Meeting the Needs of Older Adults with Serious Illness: Challenges and Opportunities in the Age of Health Care Reform provides an introduction to the principles of palliative care, describes current models of delivering palliative care across care settings, and examines opportunities in the setting of healthcare policy reform for palliative care to improve outcomes for patients, families and healthcare institutions. The United States is currently facing a crisis in health care marked by unsustainable spending and quality that is poor relative to international benchmarks. Yet this is also a critical time of opportunity. Because of its focus on quality of care, the Affordable Care Act is poised to expand access to palliative care services for the sickest, most vulnerable, and therefore most costly, 5% of patients- a small group who nonetheless drive about 50% of all healthcare spending. Palliative care is specialized medical care for people with serious illnesses. It focuses on providing patients with relief from the symptoms, pain, and stress of a serious illness—whatever the diagnosis or stage of illness. The goal is to improve quality of life for both the patient and the family. Research has demonstrated palliative care’s positive impact on health care value. Patients (and family caregivers) receiving palliative care experience improved quality of life, better symptom management, lower rates of depression and anxiety, and improved survival. Because patient and family needs are met, crises are prevented, thereby directly reducing need for emergency department and hospital use and their associated costs. An epiphenomenon of better quality of care, the lower costs associated with palliative care have been observed in multiple studies.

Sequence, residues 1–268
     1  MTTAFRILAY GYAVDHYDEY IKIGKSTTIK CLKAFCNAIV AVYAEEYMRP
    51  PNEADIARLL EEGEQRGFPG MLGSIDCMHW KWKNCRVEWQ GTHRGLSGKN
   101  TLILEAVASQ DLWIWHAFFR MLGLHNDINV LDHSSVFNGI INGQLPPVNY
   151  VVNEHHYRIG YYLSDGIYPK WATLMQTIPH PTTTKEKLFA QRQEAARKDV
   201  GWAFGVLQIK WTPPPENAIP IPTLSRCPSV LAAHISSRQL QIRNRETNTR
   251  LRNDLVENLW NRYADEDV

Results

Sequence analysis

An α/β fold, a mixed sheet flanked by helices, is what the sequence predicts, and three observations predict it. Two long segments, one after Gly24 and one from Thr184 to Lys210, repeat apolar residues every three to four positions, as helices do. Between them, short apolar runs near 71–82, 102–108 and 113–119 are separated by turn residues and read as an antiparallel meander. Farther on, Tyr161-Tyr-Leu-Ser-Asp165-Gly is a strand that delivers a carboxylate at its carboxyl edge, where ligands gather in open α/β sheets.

Meeting the Needs of Older Adults with Serious Illness: Challenges and Opportunities in the Age of Health Care Reform, a roadmap for effective policy and program design, brings together expert clinicians, researchers and policy leaders, who tackle key areas where real-world policy options to improve access to quality palliative care could have a substantial role in improving value.